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Posts Tagged ‘Western Canon’

Crime and Punishment ♥ ♥ ♥
Read by George Guidall

21 discs

Raskolnikov, a nihilistic young man in the midst of a spiritual crisis, makes the fateful decision to murder a cruel pawnbroker, justifying his actions by relying on science and reason, and creating his own morality system. The aftermath of his crime and detective Petrovich’s murder investigation result in a cat-and-mouse game.  I wanted to be moved.  I wanted to be connected to the plot.  I was not impressed, but see how it has a place of honor in literary history.  Perhaps I would have been drawn in if the reader had been anyone else but Guidall.  There isn’t a thing wrong with his performance, but his pitch is a little too familiar.  There was a time when he narrated nearly every book on the shelf.  I little bit of Guidall goes a long way.  And 21 discs is a long way.

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Ivanhoe ♥ ♥ ♥
Read by Michael Page
15 discs

A century has passed since the Norman Conquest, and England is still a colony of foreign warlords. Prince John is plotting to seize the throne from his brother, Richard the Lion-Hearted, and Robin Hood and his merry band are making fools out of the Sheriff of Nottingham. Wilfred, knight of Ivanhoe, the son of Cedric the Saxon, is in love with his father’s ward, Rowena. Cedric, however, wishes her to marry Athelstane, a descendant of the royal Saxon line, whom Cedric hopes will restore the Saxon succession.

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A Tale of Two Cities  ♥ ♥ ♥
Read by Frank Muller

12 Discs

The French Revolution was one of history s most explosive eras and has been captures in this epic novel.  After eighteen years as a political prisoner in the Bastille, the aging Doctor Manette is finally released and reunited with his daughter in England. There the lives of two very different men, Charles Darnay, an exiled French aristocrat, and Sydney Carton, a disreputable but brilliant English lawyer, become enmeshed through their love for Lucie Manette. From the tranquil roads of London, they are drawn against their will to the vengeful, bloodstained streets of Paris at the height of the Reign of Terror, and they soon fall under the lethal shadow of La Guillotine.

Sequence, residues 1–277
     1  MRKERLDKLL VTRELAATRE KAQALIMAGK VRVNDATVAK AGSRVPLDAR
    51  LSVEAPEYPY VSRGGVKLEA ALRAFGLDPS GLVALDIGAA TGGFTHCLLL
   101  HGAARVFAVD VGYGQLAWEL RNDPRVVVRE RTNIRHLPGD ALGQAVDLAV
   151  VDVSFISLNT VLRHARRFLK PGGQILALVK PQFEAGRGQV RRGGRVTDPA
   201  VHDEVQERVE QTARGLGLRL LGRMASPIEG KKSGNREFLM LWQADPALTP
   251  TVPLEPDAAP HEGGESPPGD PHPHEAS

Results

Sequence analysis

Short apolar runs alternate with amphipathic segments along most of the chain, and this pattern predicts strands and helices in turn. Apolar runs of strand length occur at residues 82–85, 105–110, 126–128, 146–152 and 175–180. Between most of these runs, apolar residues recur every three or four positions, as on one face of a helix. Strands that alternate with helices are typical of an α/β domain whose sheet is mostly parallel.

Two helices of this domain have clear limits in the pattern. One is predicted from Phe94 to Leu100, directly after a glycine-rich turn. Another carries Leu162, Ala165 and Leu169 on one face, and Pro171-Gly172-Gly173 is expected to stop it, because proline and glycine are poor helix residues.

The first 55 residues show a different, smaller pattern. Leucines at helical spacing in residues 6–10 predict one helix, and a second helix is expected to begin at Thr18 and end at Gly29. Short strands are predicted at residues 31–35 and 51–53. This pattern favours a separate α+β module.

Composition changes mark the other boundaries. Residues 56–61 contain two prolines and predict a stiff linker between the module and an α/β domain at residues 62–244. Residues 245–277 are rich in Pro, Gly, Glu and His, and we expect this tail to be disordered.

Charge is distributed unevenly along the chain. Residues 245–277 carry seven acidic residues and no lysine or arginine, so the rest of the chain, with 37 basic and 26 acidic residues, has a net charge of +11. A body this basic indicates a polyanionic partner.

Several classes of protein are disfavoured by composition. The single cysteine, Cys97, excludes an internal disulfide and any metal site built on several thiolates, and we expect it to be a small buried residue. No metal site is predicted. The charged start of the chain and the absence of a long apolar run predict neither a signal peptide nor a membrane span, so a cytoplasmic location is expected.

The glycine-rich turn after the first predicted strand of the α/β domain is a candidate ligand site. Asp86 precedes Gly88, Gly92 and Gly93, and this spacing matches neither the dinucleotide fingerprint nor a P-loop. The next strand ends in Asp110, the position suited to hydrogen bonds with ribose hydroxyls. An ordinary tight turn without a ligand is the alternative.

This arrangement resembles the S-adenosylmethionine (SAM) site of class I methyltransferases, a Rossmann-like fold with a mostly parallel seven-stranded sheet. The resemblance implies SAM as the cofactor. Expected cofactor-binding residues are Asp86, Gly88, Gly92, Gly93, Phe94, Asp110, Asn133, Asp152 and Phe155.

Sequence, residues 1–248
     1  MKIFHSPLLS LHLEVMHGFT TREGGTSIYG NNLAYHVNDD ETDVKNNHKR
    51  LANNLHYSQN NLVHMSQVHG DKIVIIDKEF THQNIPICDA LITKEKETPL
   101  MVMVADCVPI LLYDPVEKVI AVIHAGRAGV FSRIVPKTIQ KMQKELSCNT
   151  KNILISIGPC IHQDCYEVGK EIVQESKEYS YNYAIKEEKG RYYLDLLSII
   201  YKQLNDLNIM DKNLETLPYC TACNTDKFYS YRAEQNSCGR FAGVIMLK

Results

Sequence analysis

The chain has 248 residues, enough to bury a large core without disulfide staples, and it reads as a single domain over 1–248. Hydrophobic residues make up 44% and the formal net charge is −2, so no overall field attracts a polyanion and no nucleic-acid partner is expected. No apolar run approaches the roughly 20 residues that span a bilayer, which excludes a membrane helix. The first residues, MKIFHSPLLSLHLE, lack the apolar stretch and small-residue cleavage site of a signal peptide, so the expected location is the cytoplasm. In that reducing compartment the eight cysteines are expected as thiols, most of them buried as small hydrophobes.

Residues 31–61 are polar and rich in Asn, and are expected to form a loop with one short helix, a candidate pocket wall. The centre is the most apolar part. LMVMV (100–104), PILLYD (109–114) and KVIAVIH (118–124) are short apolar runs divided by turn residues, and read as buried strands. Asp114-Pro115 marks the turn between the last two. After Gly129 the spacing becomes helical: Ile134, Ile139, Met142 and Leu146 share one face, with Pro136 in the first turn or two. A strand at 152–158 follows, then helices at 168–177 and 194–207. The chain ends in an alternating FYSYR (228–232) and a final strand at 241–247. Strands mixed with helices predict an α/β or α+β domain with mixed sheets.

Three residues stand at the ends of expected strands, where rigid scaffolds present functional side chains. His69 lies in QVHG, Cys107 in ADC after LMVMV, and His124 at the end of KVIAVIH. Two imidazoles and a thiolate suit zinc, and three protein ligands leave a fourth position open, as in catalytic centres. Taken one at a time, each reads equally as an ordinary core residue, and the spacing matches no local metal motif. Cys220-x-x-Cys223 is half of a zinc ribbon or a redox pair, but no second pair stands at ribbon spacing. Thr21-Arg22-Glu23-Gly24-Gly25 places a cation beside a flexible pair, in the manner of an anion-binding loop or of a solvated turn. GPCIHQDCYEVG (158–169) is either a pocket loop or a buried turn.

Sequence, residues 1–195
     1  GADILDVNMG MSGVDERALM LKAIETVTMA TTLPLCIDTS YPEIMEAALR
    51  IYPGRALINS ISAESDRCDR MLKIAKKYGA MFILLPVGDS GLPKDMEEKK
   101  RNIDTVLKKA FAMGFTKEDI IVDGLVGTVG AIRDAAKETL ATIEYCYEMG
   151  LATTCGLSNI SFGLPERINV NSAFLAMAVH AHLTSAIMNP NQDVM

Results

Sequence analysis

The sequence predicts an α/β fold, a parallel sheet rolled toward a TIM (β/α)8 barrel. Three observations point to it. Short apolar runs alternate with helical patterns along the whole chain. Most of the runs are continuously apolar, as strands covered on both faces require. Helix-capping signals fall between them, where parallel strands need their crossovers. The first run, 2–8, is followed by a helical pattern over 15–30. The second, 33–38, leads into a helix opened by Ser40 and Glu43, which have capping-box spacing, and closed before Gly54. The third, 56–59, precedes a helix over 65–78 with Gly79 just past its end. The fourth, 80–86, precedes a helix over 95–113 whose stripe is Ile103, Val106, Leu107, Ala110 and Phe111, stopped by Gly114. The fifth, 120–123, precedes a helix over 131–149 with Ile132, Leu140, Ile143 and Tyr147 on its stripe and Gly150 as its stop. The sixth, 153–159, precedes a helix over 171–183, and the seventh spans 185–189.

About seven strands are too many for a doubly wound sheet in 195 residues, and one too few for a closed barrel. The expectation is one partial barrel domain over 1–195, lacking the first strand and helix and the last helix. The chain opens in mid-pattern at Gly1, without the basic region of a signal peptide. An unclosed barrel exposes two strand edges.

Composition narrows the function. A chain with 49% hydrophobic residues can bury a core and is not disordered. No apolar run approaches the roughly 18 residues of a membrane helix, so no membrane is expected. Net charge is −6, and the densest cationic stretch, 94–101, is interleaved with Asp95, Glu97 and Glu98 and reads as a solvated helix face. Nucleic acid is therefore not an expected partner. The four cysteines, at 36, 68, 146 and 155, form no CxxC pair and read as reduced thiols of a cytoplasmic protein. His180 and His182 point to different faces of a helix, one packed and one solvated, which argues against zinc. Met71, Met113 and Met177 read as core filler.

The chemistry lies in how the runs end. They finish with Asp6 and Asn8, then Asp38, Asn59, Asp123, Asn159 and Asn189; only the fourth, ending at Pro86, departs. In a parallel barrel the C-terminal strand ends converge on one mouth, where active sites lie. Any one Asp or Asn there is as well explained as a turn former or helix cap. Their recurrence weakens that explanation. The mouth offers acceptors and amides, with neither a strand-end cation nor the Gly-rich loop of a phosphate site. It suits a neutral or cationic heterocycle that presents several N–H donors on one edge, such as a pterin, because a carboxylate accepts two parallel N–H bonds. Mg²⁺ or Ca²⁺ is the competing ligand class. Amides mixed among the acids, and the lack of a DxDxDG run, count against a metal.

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Sense and Sensibility (Abridged) ♥ ♥ ♥ ♥
Read by Kate Winslet

The Dashwood women are left in reduced circumstances when their father dies and  they see the family estate pass to their half brother John. Eninor and Marianne arrive at their new home, a cottage on a distant relative’s property, where they experience both romance and heartbreak. The contrast between the sisters’ characters is eventually resolved as they each find love and lasting happiness.

The narration by Kate Winslet is beautiful although a good portion of Austen’s novel has been omitted for this version.  Had Kate read the entire novel I would have given it ♥ ♥ ♥ ♥ ♥

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Jane Eyre ♥ ♥ ♥
Read by Flo Gibson

janeIn early nineteenth-century England, an orphaned young woman accepts employment as a governess and soon finds herself in love with her employer, who has a terrible secret.

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Lolita ♥ ♥ ♥ ♥ ♥
Read by Jeremy Irons

alolitaNabokov’s wise, ironic, elegant masterpiece owes its stature as one of the twentieth century’s novels of record not to the controversy its material aroused but to its author’s use of that material to tell a love story almost shocking in its beauty and tenderness. Awe and exhilaration-along with heartbreak and mordant wit-abound in this account of the aging Humbert Humbert’s obsessive, devouring, and doomed passion for the nymphet Dolores Haze. Lolita is also the story of a hypercivilized European colliding with the cheerful barbarism of postwar America, but most of all, it is a meditation on love-love as outrage and hallucination, madness and transformation.

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